Kenya has no official survey data referring to the number of farmers and their characteristics such as land size, crop grown, gender, age etc. However, numbers have been thrown around for decades suggesting that 80% of farmers cultivate less than 5 Ha of land, among which 90% cultivate less than 2 Ha. There is no data to support these claims but experience from the ground compels me to concur than to differ with these estimations.
Whoever says small scale farming also says poor farmers organization and absence of inter-farmer interactions. Lack of networking among smallholder farmers has been the biggest impediment to agricultural development in Kenya. Why? Because agriculture is a business of (large) scale. Being a smallholder farmer naturally denies one the privilege of scale which implies that deliberate efforts must be activated to achieve economies of scale. For instance, a farmer who cultivates 200 Ha of land enjoys economies of scales and his battles are different from those of a smallholder farmer.
For Kenya’s smallholder farmers to achieve scale, they can adopt a farmers’ networking strategy referred to as aggregation. Aggregation is a process of providing order and interactions between smallholder farmers with a goal of introducing them into formal supply chains. In Kenya, the term aggregation is not new especially among development partners. In this article, I will tell you what aggregation is and what it is not.
Most development partners describe aggregation as “coming together” of farmers in order to achieve a common good. Unfortunately, in Kenya, farmers and stakeholders are unable to distinguish aggregation from other forms of farmers associations that have been considered similar in terms of how they run their activities. Reducing aggregation into simple get together of farmers takes Kenya back into the vicious cycle of cooperatives and associations.
How does aggregation of small scale farmers work?
On the same note, there are cases of “successful” aggregation where farmers have had enough access to inputs and market especially the sector of fresh produce for export like French beans. The only challenge with these success stories or ‘outgrowing schemes’ is that farmers are still exploited and have no bargaining power towards setting the price for their produce.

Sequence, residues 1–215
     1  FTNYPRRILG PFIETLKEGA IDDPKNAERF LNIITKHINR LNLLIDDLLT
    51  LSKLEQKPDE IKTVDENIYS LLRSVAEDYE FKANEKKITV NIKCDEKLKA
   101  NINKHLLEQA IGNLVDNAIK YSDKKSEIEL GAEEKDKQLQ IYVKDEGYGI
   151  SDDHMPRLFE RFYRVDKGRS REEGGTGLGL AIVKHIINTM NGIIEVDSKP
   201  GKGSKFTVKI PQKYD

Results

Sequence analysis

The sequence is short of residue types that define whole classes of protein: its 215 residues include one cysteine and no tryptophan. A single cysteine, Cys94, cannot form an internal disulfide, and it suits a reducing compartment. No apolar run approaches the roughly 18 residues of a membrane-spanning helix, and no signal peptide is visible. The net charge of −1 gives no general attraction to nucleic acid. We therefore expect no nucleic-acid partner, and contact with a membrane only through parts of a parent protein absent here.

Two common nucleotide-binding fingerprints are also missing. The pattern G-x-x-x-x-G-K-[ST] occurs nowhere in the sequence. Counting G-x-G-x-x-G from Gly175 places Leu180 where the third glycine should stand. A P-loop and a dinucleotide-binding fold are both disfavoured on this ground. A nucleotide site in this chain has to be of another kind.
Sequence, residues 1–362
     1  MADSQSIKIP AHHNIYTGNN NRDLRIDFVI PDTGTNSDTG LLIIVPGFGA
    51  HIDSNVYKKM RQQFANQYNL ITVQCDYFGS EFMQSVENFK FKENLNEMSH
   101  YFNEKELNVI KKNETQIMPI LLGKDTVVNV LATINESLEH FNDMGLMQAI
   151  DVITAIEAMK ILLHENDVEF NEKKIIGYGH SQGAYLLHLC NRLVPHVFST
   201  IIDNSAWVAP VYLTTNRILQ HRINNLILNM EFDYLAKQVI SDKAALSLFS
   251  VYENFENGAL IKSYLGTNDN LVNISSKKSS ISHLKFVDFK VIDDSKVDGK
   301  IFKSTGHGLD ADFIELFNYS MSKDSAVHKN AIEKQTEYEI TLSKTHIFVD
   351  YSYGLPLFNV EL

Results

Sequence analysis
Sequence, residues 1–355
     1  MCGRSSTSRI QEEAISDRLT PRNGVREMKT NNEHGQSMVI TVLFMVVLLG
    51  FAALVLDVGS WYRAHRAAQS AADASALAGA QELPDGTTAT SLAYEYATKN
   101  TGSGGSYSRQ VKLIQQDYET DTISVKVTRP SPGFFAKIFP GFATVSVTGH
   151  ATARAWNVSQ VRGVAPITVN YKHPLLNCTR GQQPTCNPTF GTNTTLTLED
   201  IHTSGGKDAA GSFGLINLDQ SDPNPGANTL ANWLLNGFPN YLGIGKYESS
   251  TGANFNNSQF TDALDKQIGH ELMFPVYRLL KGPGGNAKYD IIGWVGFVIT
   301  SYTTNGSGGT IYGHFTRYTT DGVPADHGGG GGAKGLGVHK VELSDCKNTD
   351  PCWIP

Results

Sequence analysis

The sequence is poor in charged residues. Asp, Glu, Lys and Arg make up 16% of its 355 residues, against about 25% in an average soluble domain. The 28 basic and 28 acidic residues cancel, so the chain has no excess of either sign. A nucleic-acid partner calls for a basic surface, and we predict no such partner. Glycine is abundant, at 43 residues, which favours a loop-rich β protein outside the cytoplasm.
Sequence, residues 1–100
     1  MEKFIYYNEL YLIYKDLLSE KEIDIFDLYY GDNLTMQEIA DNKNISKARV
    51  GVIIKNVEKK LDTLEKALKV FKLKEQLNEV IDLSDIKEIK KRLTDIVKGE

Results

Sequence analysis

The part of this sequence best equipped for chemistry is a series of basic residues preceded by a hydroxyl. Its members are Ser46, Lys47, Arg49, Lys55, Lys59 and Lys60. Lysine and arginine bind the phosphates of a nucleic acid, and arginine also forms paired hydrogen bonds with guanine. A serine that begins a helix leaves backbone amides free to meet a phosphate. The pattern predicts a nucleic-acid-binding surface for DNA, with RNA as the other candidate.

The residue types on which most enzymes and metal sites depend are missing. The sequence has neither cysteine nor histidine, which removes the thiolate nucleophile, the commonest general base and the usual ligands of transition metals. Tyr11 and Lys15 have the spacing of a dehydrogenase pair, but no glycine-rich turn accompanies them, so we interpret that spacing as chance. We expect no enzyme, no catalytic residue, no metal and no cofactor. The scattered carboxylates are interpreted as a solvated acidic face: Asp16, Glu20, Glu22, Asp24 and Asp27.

Unlike out-grower schemes, Aggregation is a business oriented multi stakeholder approach necessarily comprised of:
- A group of farmers
- A super-farmer a.k.a aggregator
- Future contract or a regulator
Aggregation allow farmers to access the market under pre-negotiated terms while the aggregators is guaranteed of buying a certain volume of produce from farmers in a future date.
The super-farmer is a well connected farming expert who manages and supervises a group of small holder farmers in a given area.
An effective aggregation structure should provide access to market for small-scale farmers and/or access to financing and quality inputs. From this perspective, any group of farmers practicing aggregation should not face any challenge when marketing their produce or commodities, which is unfortunately not the case in Kenya today.
In brief, it is expected that for aggregation to take effect, aggregators who are in charge of bringing farmers together - must possess the requisite financial capacity, market networks, and product knowledge; while the aggregates ie the farmers, must have the technical capacity to produce the specified quantity and quality of produce.
From my experience in Morocco, a country that has adopted aggregation successfully, more emphasis is put on drawing structures and implementation procedures of aggregation model. Aggregation model should operate under standardized procedures with an organ within the ministry of agriculture to regulate the future contracts between the aggregators and the farmers.
Simple regrouping of small-scale farmers is not enough and does not automatically qualify to be aggregation. Aggregation does not focus on the number of individuals or farmers who have been brought together but should rather focuses on the amount and quality of resources pooled together (knowledge, finances, produce, land, inputs).
For instance, before an individual creates an association for the purpose of pooling farmers, they are vetted by the government or delegated authority to ensure that they have sufficient market networks, required financial ability and proper knowledge relevant to the value chain in question. Likewise, for a farmer to be aggregated, they must meet certain requirements that would enable them to produce quality products.
It is only by adopting a structured aggregation model that small scale farmers in Kenya will achieve economies of scale. Aggregation allows land consolidation without dismantling fences!
Wambugu is a consultant in agribusiness
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